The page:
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Eugene Torre: Forever the litmus test for Philippine chess

Ignacio Dee

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Eugene Torre: Forever the litmus test for Philippine chess
Only Torre has been able to summon his best when playing against the elite

MANILA, Philippines – For 3 generations, Eugene Torre has been synonymous with chess: its golden age and the era now where it is struggling, bereft of sponsors and all those international tournaments which helped create many fans.

Any Filipino will ask how Torre is doing every time there is an international event, or even if they are competing abroad. Wesley So may no longer be playing for us but few care, except his sizeable Filipino fans, for there is still Torre.

The Chess Olympiad is over. Filipino chess fans will no longer stay up until midnight or even 1 am to wait for team results and the next day’s pairings. They will no longer fidget, as many did, when Torre struggled for almost 6 hours to defeat Mouthlun Ly of Australia to ensure his 10/11 performance on board 3.

That he had the white pieces in 8 of these games seems to be a factor, but the best player still no matter what pieces he handles.

They are in chess heaven, for when will we have a 64-year-old grandmaster scoring 10/11 and a 19-year-old honor student becoming the country’s first woman grandmaster?

They will be in a high, especially when the team is expected to arrive Thursday evening and hold a press conference Friday noon. There are two chess Facebook sites: Chess Philippines and Chess News and Views, and there will be tales and pictures from the Baku Chess Olympiad.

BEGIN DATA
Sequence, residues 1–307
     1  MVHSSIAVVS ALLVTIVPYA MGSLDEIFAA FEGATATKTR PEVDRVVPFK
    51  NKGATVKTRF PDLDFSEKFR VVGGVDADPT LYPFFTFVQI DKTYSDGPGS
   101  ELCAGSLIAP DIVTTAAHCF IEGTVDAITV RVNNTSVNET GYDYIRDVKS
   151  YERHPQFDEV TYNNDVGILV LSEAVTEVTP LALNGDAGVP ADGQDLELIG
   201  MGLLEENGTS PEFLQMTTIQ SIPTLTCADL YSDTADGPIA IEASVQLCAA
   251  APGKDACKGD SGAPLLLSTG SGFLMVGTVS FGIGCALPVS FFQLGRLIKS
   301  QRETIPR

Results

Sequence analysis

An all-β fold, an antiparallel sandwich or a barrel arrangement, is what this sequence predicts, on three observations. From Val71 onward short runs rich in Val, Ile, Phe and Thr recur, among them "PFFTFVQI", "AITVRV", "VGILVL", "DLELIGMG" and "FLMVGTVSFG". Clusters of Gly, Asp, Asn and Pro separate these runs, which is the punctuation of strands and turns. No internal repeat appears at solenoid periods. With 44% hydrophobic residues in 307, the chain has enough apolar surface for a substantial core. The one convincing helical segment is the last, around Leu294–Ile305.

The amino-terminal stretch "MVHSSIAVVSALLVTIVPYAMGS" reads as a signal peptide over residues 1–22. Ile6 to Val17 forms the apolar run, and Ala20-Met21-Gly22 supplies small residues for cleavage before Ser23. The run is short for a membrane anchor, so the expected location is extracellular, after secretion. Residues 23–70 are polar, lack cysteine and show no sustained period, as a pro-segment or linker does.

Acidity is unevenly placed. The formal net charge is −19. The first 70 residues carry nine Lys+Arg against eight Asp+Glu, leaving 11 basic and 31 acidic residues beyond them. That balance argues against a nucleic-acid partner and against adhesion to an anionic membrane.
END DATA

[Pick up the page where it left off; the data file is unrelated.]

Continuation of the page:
Torre has always been part of the Philippine chess scene since the 1968 Meralco Open, where a 17-year-old showed his wares. It will be unthinkable to visualize Philippine chess without Eugenio Oliveros Torre, who said this was to be his last Olympiad.

For only Torre has been able to summon his best when playing against the elite. Torre’s conquest of world champion Anatoly Karpov in 1976 in Manila remains fresh among Filipinos aged 60 and above. Karpov rarely lost at the time. This was big news in chess magazines, especially on how Torre fearlessly attacked the world champion.

Even when his giant-killing days appeared over, there was the Torre who would patiently squeeze wins from barren positions, as he did in 2014 in Tromso, as he and Ino Sadorra supported a Philippines weakened by the loss of So and Oliver Barbosa, then the country’s number two.

In Baku, Torre regained a part of the skill that made him famous and dreaded. It mirrored his credo as he told Tibor Karolyi in his biography on Torre published this year: “As you get older, you tend to prepare less and become less adventurous. You rely more on experience and it is not practical to play sharply.”

In the opening, Torre played quietly. Then in the middlegame, he would start to play, as grandmasters like to say. He would create pressure, generate some tension and sense some weakening in the opponent. In the old days, Torre would cover his eyes to prevent his opponent from reading his intention.

Then he tightens the screws: a mating attack or an endgame. It makes no difference. In Baku, he was playing like he was in his 20s, with energy and not taking any breaks.

It is no wonder that many Filipinos who used to love chess passionately until their careers demanded their attention would comment joyfully, even Torre wins on Facebook.

“HISTORY! UNBEATABLE 10/11! One of the few Filipjnos we can be proud of these days” said lawyer Joe Aspiras. “Admirable. Will always be my idol,” said former ladies champion Glenda Baylon.

And the glory years return: when chess was big news in the newspapers, when Torre even acted in the movies, when even presidents gave him awards.

Eugene Torre will forever be the litmus test for Philippine chess – whether he retires or plays on. The next generation needs to be reminded of duties they must fufill when they replace him in the national team. –

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